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Biking through the Twin Cities…

Posted by deborahmclaren on July 6, 2010

Alternative, human-powered transportation is fun, healthy, helps Minnesotans reduce our carbon footprint, and provides a totally different way to experience our cities

Minneapolis is the bike-friendliest city in the country!

The April ’10 issue of Bicycling magazine ranks Minneapolis ahead of 49 other large and medium-size cities in accessibility to bicyclists. Portland has long ranked first, both in the magazine’s rankings and other surveys. “Despite the cold wintertime climate, Minneapolis has a thriving bike community. It has 120 miles of on- and off-street bicycle facilities, plus indoor bike parking and other cycling-friendly facilities.”

It’s pretty good when you live in this climate but can still bike to work and play six months out of the year. The Twin Cities have excellent bike lanes, plenty of bike racks, great trails, a bicycle “Midtown Greenway,” and some new free and fair priced rental bike programs. Check out the Minneapolis bike website for maps, trails, detours, and cool things like the new bike sharing program.

What could be cooler than this happy rider?

Bike sharing allows individuals to check out bicycles for short trips. The local non-profit Nice Ride Minnesota operates Minneapolis’ bike sharing system. Individuals must purchase subscriptions to check out bicycles – these are offered at daily, monthly, and yearly rates. Approximately 700 bicycles are located at 65 kiosks in Downtown Minneapolis, the University of Minnesota, and nearby commercial areas. View the real-time map to see bicycle availability. I’ve noticed that they are not just available along riding paths – you can easily find them in front of Minnesota’s beloved food co-ops, restaurants, museums and even City Hall. There are over 60 kiosks to choose from.

The “other” Twin (of the Twin Cities) is St. Paul – the most livable city in the US and my town!

Sibley Bike Depot
is a not-for-profit community bike shop and volunteer run organization. It grew out of the Yellow bike Coalition (YBC) and The Minnesota Bicycle and Pedestrian Alliance (MNBPA). The Depot has Free Open Shop hours every week, even during the winter! This means that anyone can come in during their open hours, work on their bike, use the Depot’s tools, and talk to mechanics free of charge. The Earn a Bike program is an innovative program to provide bikes to people who could not normally afford them. By working in the shop, people can earn-a-bike. The Depot organizes group rides that focus on teaching safe riding techniques and the skills needed to utilize bicycles as a form of transportation. The Sibley Bike Depot is a collective that relies on volunteers. If you are interested in volunteering, Email Volunteer Coordinator Jason@sibleybikedepot.org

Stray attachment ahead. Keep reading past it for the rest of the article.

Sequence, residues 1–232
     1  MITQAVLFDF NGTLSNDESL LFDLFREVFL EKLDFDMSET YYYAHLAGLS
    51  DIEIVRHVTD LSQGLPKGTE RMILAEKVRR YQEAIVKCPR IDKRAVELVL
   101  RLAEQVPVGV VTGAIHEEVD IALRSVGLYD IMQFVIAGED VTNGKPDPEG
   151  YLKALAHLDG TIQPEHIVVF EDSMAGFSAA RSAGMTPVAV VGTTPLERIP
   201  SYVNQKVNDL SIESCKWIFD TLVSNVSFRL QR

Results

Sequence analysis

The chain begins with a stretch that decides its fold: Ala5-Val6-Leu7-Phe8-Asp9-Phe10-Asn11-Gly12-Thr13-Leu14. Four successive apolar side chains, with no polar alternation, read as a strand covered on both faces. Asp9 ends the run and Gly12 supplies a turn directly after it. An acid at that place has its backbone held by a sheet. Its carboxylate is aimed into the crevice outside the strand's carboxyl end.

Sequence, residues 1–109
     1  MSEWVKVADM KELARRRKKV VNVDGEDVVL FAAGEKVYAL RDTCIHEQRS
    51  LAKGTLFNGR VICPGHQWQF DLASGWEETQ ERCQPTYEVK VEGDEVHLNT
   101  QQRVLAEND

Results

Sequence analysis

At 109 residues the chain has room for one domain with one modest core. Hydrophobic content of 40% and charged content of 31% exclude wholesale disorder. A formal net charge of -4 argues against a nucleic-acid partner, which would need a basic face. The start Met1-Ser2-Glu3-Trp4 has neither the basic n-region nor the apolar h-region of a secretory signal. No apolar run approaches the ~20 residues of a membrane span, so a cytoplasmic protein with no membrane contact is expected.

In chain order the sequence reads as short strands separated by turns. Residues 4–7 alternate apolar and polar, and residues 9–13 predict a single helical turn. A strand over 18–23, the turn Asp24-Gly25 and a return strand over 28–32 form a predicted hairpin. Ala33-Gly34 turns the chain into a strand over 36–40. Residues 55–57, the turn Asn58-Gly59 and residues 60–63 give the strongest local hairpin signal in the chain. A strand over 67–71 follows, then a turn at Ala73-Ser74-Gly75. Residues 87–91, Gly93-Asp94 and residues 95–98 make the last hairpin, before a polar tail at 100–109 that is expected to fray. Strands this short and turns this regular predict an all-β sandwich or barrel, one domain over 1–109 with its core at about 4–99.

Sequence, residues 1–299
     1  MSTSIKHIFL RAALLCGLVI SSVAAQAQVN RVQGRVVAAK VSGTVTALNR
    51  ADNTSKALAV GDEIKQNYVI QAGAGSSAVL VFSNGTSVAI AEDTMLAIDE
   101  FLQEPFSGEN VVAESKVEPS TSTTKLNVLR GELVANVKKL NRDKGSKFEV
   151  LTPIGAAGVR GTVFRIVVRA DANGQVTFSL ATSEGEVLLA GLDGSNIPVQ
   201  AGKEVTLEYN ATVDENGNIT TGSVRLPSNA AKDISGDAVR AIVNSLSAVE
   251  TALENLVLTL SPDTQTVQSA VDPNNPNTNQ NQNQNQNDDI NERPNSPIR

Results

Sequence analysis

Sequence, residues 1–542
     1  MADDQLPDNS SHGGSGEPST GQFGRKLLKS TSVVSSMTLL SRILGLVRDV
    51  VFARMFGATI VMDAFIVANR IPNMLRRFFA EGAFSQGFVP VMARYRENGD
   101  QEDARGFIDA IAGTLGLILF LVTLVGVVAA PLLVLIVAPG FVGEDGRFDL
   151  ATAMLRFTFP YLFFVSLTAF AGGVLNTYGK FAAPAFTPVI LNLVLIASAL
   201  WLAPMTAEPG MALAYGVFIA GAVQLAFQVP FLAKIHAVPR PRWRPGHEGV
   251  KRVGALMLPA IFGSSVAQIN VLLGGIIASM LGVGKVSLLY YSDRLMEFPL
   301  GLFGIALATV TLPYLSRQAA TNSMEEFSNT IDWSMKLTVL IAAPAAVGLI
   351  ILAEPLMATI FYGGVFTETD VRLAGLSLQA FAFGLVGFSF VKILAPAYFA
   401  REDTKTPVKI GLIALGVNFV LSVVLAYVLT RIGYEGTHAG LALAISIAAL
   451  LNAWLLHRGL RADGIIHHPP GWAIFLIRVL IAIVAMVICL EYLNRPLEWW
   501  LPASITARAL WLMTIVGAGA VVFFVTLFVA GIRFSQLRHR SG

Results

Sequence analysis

Sibley Bike Depot's motto

Saint Paul’s Smart-Trips helps visitors and locals find alternative travel and commuter options. Their website provides info about
· Bike locker information & locations
· Metro Transit’s Bike and Ride program
* Biking and walking maps
· Midway Biking and Walking Maps
· Downtown Bike Parking & Lockers Map
Online Bicycle Route Finder:
· cyclopath.org

Luckily the bike-friendly cities are easy for families to bike on. We started out with our little one in a Burly. By the time he was 5 he graduated to a half-bike and now that he’s 9 he rides his own bike. I’ve blogged about Twin Cities bike-a-thons, festivals, and other events in the past. Let me give a shout out for the Saint Paul Classic Bike Tour coming up on Sunday, Sept 12, 2010.
Sign up as an individual, family or group for traffic-free glee, five options from 15 to 54 miles long, music at every stop, and beautiful tree-lined streets and bridges over the Mississippi River.

I love my city!

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One Response to “Biking through the Twin Cities…”

  1. Ed Kohler said

    I recently took a friend of mine on a tour of Minneapolis while he was visiting using the Nice Ride bikes. The beauty of this, other than costing only $5 per bike for the day, was the combination of biking and walking. We would bike to one location, then browse around town by foot before checking out bikes a different kiosk. A great way to get around town.

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